%matplotlib inline
import numpy as np
import matplotlib.pyplot as plt
from matplotlib import animation, rc
from IPython.display import HTML

# First set up the figure, the axis, and the plot element we want to animate
fig, ax = plt.subplots(); ax.set_xlim(( 0, 10)); ax.set_ylim((-2, 2)); line, = ax.plot([], [], lw=2)

# initialization function: plot the background of each frame
def init():
    line.set_data([], []); return (line,)

# animation function. This is called sequentially
def animate(i):
    x = np.linspace(0, 10, 1000); y = np.sin(k * x - w * 0.05 * i); line.set_data(x, y); return (line,)

# call the animator. blit=True means only re-draw the parts that have changed.
anim = animation.FuncAnimation(fig, animate, init_func=init,frames=int(2*np.pi/w*40), interval=20, blit=True)

The "phase" is Φ=(kxωt)\Phi = (kx-\omega t). A peak of the wave corresponds to one value of the phase, a trough of the wave is another phase point, and etc.

If you track a peak of the wave (a point of constant phase) in space and time to see how fast it moves, you will be measuring the phase velocity. By tracking a peak where the phase is constant:

dΦdt=0\frac{d\Phi}{dt} = 0

which means that

kdxdtω=0k \frac{dx}{dt} - \omega = 0

from which we get

dxdt=ωk=vϕ\frac{dx}{dt} = \frac{\omega}{k} = v_{\phi}

Group velocity

In addition to vϕv_{\phi} there are other velocities associated with a wave.

To see this, consider two waves at slightly different frequencies and wavenumbers: (ω1,k1)(\omega_1,k_1) and (ω2,k2)(\omega_2,k_2):

E=Acos(k1xω1t)+Bcos(k2xω2t)E = A \cos{(k_1 x - \omega_1 t)} + B \cos{(k_2 x - \omega_2 t)}
E=AcosΦ1+BcosΦ2E = A \cos{\Phi_1} + B \cos{\Phi_2}

By utilizing the trigonometric identity that cosAcosB=12(cos(A+B2)+cos(AB2))\cos{A}\cos{B} = \frac{1}{2}(\cos(\frac{A + B}{2}) + \cos(\frac{A - B}{2})),

E=2Acos(Φ1+Φ22)cos(Φ1Φ22)E = 2A \cos\left(\frac{\Phi_1 + \Phi_2}{2}\right) \cos\left(\frac{\Phi_1 - \Phi_2}{2}\right)
E=2Acos(k¯xω¯t)cos((Δk)x(Δω)t2)E = 2A \cos(\bar{k}x - \bar{\omega}t) \cos\left(\frac{(\Delta k) x - (\Delta \omega) t}{2}\right)

where k¯=(k1+k2)/2k1\bar{k} = (k_1+k_2)/2 \approx k_1 or k2k_2, and ω¯=(ω1+ω2)/2ω1\bar{\omega} = (\omega_1+\omega_2)/2 \approx \omega_1 or ω2\omega_2.

# CHANGE here to make different waves,
# and DRAG the slider button to watch the waves move
w1 = 20.0
k1 = 1.0
w2 = 20.05
k2 = 1.1
# BEWARE: because the plots are being generated at discrete time steps and at a discrete range of points,
# you may find that waves "fictiously" move at different velocities if the grid or frame rate
# does not properly resolve them
%matplotlib inline
import numpy as np
import matplotlib.pyplot as plt
from ipywidgets import interact
x = np.linspace(0, 100, 1000);
def intplot(t=0):
    plt.figure(figsize=(8, 4))
    plt.plot(x,np.sin(k1 * x - w1 * t) + np.cos(k2 * x - w2 * t))
    return plt

The solution here consists of the product of two motions.

The quickly oscillating wave (cos(k¯xω¯t))(\cos(\bar{k}x - \bar{\omega}t)) moves at the phase velocity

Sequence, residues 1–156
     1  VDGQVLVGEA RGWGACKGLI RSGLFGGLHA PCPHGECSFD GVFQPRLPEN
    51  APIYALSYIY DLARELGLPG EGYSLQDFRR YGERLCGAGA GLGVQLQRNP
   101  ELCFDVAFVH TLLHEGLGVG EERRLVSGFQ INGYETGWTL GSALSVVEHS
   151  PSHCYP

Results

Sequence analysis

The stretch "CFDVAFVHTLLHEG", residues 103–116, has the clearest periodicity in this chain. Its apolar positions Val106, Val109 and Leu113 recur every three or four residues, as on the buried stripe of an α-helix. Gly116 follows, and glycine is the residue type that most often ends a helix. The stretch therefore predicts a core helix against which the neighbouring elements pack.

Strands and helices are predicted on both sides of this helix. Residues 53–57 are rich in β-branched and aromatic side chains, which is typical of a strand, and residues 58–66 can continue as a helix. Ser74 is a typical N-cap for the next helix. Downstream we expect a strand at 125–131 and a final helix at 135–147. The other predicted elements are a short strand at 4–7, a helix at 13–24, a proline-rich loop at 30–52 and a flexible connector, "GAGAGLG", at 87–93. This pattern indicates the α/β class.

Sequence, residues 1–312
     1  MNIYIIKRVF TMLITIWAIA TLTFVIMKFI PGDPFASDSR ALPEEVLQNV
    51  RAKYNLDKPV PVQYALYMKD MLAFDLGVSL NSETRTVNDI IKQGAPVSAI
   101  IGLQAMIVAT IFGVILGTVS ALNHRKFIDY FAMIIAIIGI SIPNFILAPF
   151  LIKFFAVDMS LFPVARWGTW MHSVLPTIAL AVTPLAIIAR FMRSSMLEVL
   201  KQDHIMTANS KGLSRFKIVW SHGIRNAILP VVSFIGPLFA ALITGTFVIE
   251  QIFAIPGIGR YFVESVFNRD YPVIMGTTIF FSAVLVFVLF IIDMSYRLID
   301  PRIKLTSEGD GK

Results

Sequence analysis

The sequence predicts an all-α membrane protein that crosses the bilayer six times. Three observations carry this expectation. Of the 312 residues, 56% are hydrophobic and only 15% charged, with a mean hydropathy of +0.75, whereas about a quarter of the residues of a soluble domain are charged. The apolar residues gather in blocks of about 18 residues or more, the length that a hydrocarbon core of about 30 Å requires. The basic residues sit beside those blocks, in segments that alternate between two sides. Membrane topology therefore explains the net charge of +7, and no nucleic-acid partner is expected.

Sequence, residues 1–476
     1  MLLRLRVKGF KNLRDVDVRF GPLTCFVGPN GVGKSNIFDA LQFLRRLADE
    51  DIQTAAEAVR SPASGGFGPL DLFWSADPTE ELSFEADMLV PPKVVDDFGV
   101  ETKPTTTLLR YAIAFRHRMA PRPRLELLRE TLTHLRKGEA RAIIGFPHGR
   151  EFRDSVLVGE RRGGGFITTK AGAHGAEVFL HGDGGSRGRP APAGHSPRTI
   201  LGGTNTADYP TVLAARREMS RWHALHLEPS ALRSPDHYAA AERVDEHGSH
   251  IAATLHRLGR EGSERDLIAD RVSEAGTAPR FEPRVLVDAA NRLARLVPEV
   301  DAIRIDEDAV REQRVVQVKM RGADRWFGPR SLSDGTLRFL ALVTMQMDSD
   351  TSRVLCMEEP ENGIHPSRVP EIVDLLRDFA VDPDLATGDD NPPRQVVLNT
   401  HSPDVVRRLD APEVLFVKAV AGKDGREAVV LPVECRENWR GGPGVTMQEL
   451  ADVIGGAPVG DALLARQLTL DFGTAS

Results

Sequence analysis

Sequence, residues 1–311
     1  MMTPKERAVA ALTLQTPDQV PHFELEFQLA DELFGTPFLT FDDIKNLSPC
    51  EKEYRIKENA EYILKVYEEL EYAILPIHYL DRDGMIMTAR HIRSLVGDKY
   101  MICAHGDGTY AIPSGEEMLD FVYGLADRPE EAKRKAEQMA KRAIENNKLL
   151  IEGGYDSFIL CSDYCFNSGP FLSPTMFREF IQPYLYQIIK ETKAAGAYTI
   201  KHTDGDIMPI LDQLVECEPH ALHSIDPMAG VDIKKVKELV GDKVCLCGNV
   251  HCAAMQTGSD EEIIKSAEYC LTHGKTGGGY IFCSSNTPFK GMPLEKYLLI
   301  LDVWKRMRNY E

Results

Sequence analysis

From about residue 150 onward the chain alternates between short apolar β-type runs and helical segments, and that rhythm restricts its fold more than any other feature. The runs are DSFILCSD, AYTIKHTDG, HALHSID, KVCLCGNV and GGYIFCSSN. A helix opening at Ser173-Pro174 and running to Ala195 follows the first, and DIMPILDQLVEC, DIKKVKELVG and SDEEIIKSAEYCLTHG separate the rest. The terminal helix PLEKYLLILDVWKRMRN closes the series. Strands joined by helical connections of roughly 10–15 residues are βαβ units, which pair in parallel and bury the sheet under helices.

ω¯k¯ω1k1orω2k2 \frac{\bar{\omega}}{\bar{k}} \approx \frac{\omega_1}{k_1} \text{or} \frac{\omega_2}{k_2}

The envelope on top, cos((ΔkxΔωt)/2)\cos((\Delta k x - \Delta \omega t)/2), moves at a different velocity called the group velocity

ΔωΔkωk=vg \frac{\Delta\omega}{\Delta k} \approx \frac{\partial \omega}{\partial k} = v_g

vgv_g can also be thought of as the energy transport velocity. One can "communicate" with energy, so vg<cv_g < c in order for special relativity to be satisfied, but there is no such restraint on vϕv_{\phi} (which can in fact be larger than cc).

# CHANGE here to make different waves
# and NOTE the different slopes of v_phi vs v_g (can you tell which is which?)
w1 = 20.0
k1 = 1.0
w2 = 20.05
k2 = 1.1
# BEWARE: because the plots are being generated at discrete time steps and at a discrete range of points,
# you may find that waves "fictiously" move at different velocities if the grid or frame rate
# does not properly resolve them
%matplotlib inline
import numpy as np
import matplotlib.pyplot as plt
x = np.linspace(0, 100, 5000);
plotdata = np.zeros( (100,5000) )
for t in range(100):
    plotdata[t,:] = np.sin(k1 * x - w1 * t) + np.cos(k2 * x - w2 * t)
plt.figure(figsize=(8, 5))
plt.xlim(0,100); plt.ylim(0,100); plt.clim(-2,2); plt.colorbar(orientation='vertical'); 
plt.title('Time vs Space'); plt.xlabel('x'); plt.ylabel('t')


There are two key velocities:

vϕ=ωkv_{\phi} = \frac{\omega}{k}
vg=ωkv_g = \frac{\partial \omega}{\partial k}

These velocities depend on the relationship between ω\omega and kk. Such a function,


is called the dispersion relation of the wave.

Pick a kk, and then ω\omega is defined. Pick an ω\omega, and then kk is defined.

We need dispersion relations to determine the behavior of waves in plasmas.

For the next several weeks, our goal will be to derive the dispersion relation ω(k)\omega(k) for many of the basic waves which can exist in a plasma. (not all - not enough time.)

© 2018 Nextjournal GmbH